# Databases and B-Trees: What are Keys and how are they related

I confused about the description & definition of "key" occuring as terminology for databases and b-trees.

In first case dealing with theory of databases a key is defined as a choice for a in certain sense minimal (see below) subset $$K \subset A := \{A_1,A_2,...,A_n\}$$ of a fixed set of attributes $$A_i$$ parametrizing a data table (consisting of relations; a single relation is abstraction of a row in the table), where each attribute is literally a column specifying a property of objects = relations.

A key is characterized by property that there exist no two different relations (a relation is a row) which have exactly the same values for all attributes which belong to the key. And a key is a minimal subset with this property, ie there not exist a proper smaller subset of attributes contained in the key and having the property described in last sentence. Clearly keys are not unique. So the set of a keys is certain subset of the power set $$\Omega(A)$$ of the set attributes $$A_i$$. See also here: https://en.wikipedia.org/wiki/Unique_key

On the other hand the key concept occures as well for b-trees: https://en.wikipedia.org/wiki/B-tree#Definition

Here keys are a priori numbers or integers and different knots of b-tree contain different totally ordered subsets of keys where the total order on the space of keys is inherited from the order "$$\ge$$" for integers $$\mathbb{Z}$$. Especially the set of keys is a totally ordered subset of integers.

Question: How are the two concept of 'key' related to each other? My first idea was that if we consider in light of for definition (as elements of power set of attributes), we can simply randomly enumerate all the keys (that is associate to each key an number; formally speaking to specify an injection $$f:\mathcal{K} \to \mathbb{Z}, K \mapsto f(K)$$ where $$\mathcal{K} \subset \Omega(A)$$)

and then treat them as numbers when working with b-trees. Is this exactly the correct connection or is there another deeper one and my approach is wrong?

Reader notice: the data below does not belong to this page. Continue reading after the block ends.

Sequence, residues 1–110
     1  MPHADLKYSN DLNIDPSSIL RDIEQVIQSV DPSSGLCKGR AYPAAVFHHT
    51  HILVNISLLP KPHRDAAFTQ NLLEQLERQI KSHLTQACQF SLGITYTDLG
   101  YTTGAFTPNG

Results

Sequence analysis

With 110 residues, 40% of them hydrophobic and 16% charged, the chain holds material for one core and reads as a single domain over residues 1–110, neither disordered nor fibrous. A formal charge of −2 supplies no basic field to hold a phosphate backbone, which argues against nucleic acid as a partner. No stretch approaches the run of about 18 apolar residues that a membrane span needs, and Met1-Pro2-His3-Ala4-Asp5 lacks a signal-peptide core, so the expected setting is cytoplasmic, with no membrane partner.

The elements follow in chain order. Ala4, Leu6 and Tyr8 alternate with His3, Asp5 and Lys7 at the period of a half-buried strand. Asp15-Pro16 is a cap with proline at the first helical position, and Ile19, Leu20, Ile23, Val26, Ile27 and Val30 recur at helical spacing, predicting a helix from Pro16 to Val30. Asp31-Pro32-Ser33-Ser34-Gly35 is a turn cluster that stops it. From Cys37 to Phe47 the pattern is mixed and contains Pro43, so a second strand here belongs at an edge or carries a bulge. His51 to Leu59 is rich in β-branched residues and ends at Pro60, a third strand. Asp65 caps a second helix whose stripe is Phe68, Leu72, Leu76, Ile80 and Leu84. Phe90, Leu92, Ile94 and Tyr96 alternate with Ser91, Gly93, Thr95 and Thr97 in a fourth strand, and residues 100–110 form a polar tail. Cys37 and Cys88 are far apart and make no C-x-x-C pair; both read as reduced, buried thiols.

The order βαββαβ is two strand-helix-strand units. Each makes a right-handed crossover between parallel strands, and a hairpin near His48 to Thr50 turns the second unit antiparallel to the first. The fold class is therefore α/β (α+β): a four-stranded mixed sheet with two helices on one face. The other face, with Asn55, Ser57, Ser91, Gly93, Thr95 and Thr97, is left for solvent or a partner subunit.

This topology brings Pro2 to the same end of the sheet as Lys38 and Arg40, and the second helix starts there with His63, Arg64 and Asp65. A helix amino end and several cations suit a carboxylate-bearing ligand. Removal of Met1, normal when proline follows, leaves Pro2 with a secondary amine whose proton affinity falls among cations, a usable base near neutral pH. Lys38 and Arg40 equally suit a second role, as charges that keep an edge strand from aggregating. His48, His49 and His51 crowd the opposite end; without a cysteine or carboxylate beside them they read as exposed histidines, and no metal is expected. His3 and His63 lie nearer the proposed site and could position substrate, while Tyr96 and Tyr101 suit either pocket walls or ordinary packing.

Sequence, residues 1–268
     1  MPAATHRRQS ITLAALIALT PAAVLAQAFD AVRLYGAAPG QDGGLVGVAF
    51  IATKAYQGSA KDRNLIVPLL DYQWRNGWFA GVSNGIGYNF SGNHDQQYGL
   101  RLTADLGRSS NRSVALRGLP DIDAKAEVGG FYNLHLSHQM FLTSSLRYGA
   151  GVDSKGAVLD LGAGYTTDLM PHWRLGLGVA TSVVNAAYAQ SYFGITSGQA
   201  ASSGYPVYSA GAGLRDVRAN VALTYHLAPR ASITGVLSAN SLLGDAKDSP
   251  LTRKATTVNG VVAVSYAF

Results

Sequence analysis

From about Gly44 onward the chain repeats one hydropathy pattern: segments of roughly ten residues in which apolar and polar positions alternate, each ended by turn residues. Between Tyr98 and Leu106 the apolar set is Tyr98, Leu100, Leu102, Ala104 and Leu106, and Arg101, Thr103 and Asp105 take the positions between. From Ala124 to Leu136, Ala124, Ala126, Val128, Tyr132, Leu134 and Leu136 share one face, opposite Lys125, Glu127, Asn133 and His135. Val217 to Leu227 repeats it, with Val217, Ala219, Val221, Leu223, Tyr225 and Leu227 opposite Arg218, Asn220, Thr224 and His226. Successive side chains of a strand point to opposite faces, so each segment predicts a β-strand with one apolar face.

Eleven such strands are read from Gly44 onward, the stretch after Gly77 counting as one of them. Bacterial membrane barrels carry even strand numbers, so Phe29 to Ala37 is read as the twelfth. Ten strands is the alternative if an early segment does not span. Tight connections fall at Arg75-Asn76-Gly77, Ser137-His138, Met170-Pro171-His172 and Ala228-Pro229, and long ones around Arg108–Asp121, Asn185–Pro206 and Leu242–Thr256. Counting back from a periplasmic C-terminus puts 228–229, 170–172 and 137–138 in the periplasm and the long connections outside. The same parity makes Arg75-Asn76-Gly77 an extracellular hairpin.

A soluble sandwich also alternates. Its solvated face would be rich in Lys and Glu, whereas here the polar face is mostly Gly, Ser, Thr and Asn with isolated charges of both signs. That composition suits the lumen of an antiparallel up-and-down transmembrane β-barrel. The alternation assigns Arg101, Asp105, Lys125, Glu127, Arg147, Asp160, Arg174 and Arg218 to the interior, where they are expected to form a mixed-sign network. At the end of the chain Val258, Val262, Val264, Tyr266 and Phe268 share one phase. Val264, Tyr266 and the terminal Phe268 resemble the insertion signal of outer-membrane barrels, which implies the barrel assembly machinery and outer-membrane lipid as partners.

• (If this question was about RDB terminology, I'd challenge a tuple of attribute values (a row / entry, modelling an entity) being a relation. Far as I remember, relation was used for the whole (contents of a) table.) – greybeard Jun 28 at 9:53
• (Ah - and the things between tree branches are nodes.) – greybeard Jun 28 at 9:58

There's an indeed a relation that maps the database keys to the B-trees keys $$K_d \mapsto K_b, K_b \in \mathbb{Z}$$
The B-Tree keys are not random though, they represent the physical location of data stored for that key. At the leaf level there are multiple ( up to the order of the tree) database $$K_d$$s associated with a single $$K_b$$ key. The relation is thus not an injective function.
• So indeed the B-Tree keys represent abstract keys of a given data (considered as a database) by a map $f:\mathcal{K} \to \mathbb{Z}$? and so by this map the keys are distributed to single knots but as you remarked since this distribution has to be compatible with b-tree structure this forces the function to be in general not injective. but all in all this intuition that the b-tree keys can be thought as a precedure "to number consecutively abstract (database keys" in compatible way with physical location of stored data correct? – katalaveino Jun 28 at 22:03
• The important bit is that data records are in the correct partitions according to their keys e.g. all records with keys ($K_d$) starting with 'A' to 'C' must be in partition 1 ($K_b$) all those 'D' to 'E' must be in partition 2 ($K_b$) etc. – Koenig Lear Jun 28 at 23:00
• When you generally talk about 'data' you mean in this context a huge table in databases sense, ie a set of "tuple of attribute values" aka relations aka rows in the table, is it correct? So if I understood you now correctly, the relation beween the two key concepts is that the map $f:\mathcal{K} \to \mathbb{Z}, K_d \mapsto K_b$ "gathers" certain database keys $K_d$ together to numerical b-tree keys $K_b$ in following sense: – katalaveino Jun 29 at 0:01